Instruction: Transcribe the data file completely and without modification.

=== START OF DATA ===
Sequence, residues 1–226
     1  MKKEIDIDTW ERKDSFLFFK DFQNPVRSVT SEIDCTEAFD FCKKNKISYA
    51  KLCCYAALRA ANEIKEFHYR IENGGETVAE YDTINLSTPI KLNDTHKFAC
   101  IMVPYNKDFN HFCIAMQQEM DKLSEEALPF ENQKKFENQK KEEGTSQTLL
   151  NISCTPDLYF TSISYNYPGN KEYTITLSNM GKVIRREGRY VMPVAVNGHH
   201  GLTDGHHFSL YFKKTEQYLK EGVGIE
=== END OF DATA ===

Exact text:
Sequence, residues 1–226
     1  MKKEIDIDTW ERKDSFLFFK DFQNPVRSVT SEIDCTEAFD FCKKNKISYA
    51  KLCCYAALRA ANEIKEFHYR IENGGETVAE YDTINLSTPI KLNDTHKFAC
   101  IMVPYNKDFN HFCIAMQQEM DKLSEEALPF ENQKKFENQK KEEGTSQTLL
   151  NISCTPDLYF TSISYNYPGN KEYTITLSNM GKVIRREGRY VMPVAVNGHH
   201  GLTDGHHFSL YFKKTEQYLK EGVGIE